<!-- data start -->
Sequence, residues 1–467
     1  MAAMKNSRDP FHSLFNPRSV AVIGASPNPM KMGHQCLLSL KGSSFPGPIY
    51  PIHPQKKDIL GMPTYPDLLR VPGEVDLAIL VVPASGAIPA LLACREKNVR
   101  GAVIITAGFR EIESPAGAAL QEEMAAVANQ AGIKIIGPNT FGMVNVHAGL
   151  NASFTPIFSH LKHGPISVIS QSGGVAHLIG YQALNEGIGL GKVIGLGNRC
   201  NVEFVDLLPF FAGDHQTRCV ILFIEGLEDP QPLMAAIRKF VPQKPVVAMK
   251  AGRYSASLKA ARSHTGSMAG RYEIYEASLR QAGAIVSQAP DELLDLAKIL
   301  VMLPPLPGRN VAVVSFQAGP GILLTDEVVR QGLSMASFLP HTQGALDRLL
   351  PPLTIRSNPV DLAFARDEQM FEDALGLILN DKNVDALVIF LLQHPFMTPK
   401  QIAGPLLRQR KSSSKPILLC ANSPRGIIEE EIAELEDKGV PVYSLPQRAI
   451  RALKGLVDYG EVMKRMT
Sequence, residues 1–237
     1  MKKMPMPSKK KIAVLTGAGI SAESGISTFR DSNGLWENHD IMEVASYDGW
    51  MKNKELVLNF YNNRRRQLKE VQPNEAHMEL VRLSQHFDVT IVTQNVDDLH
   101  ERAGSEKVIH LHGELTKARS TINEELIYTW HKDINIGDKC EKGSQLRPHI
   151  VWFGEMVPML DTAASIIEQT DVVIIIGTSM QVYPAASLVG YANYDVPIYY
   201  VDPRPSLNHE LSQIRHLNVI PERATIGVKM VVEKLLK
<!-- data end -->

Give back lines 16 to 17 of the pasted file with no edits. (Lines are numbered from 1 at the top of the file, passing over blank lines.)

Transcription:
   151  VWFGEMVPML DTAASIIEQT DVVIIIGTSM QVYPAASLVG YANYDVPIYY
   201  VDPRPSLNHE LSQIRHLNVI PERATIGVKM VVEKLLK